• FB, yes lots of questions lol. I am as new a newbie as you can get! And I don't like making mistakes so I want to get the garden all planned out. Since its only me I'm planting for, I think my allotted space will be enough (probably one of each plant). One tomato, one eggplant, etc. Do you think I could grow any carrots or celery or onion? I love those three but don't know anything about them.

    Hi Art, yes, I will upload photos. Should have done it. Thought it about it lol.

    So Treehugger, yes the NY/NJ area gets very HOT summers - and the area I'm thinking for my garden gets LOTS of sun (am I correct in assuming that lots of sun is a "good" thing?) So I can leave the strawberry and raspberry plants in the ground over the winter?

    Thank you everyone!

  • LizzybusyLizzybusy Posts: 87


    Don't line the raised beds and remove the decking - otherwise you won't get worms in the beds and you really should have worms!


    Depends how many people you are growing for (tomato plants etc.). I have 15 plants for 2 but we love tomatoes & eat them every day. I wouldn't do strawberries - have you ever been to a pick-your-own farm? You have to visit a lot of plants to get a decent number - but go ahead if you are happy to just eat a few at a time! They also take up a lot of room for this small yield. Beans or peas are a good idea as they grow upwards rather than take up a lot of ground space. Grow what you like to eat rather than what's easy - no good growing carrots if you hate them. Also look up about rotating crops and pests and diseases so you maximise your crops.



    Good luck and enjoy.


  • artjakartjak Posts: 4,167

    I grow strawberries in large pots and they provide enough for meimage

  • Invicta2Invicta2 Posts: 663

    Are American Raspberry species tolerant of hot sun? In Britain our Raspberry varieties have been developed from the European raspberry which is a woodland plant which does not like too much Sun [ it thrives in the cooler parts or our country}. You should check up on this before you plant any Raspberries.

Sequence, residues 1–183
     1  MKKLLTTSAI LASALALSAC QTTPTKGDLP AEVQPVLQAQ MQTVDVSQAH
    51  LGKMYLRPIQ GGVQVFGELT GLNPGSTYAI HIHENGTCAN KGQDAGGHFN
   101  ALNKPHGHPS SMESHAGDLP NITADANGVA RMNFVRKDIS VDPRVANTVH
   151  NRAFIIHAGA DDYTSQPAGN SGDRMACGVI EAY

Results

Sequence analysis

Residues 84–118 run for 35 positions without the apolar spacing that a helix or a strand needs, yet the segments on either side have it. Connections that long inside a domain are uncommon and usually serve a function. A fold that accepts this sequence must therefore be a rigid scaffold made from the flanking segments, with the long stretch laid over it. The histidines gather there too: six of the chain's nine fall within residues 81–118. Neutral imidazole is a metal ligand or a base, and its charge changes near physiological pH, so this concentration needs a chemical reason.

• Thanks, Lizzy. I know you're right (about removing the planks). I guess I just keep thinking of all the hours I spent ripping out the grass, lining the spot and then painstakingly putting down the planking - to end up using it not ONCE last year. Ugh! Well, after the winter we had, its looking pretty horrible anyway so no big loss - and at least the ground beneath will be ready to go as all the grass and weeds beneath are gone and it is just soil

    Hi Art, good idea. I'll just put the strawberries in a container. Can they be kept over the winter? Here in the NY/NJ area of the US we get bad winters. Would I take the container inside? Is full sun the best options? Any advice would be appreciated!

    Hi Invicta, my brother has a raspberry plant and it grows every year. Since it was his now (ex) wife who planted it, I'm not sure what kind it is.

  • DovefromaboveDovefromabove Central Norfolk UKPosts: 63,928

    I think you're starting at the wrong end so to speakimageimage

    Let us know what your conditions are, and we can suggest things that will grow well in those conditions - or ask people who live in your neighbourhood what grows well in their gardens image

    “I am not lost, for I know where I am. But however, where I am may be lost.” Winnie the Pooh

  • artjakartjak Posts: 4,167

    I second thatimage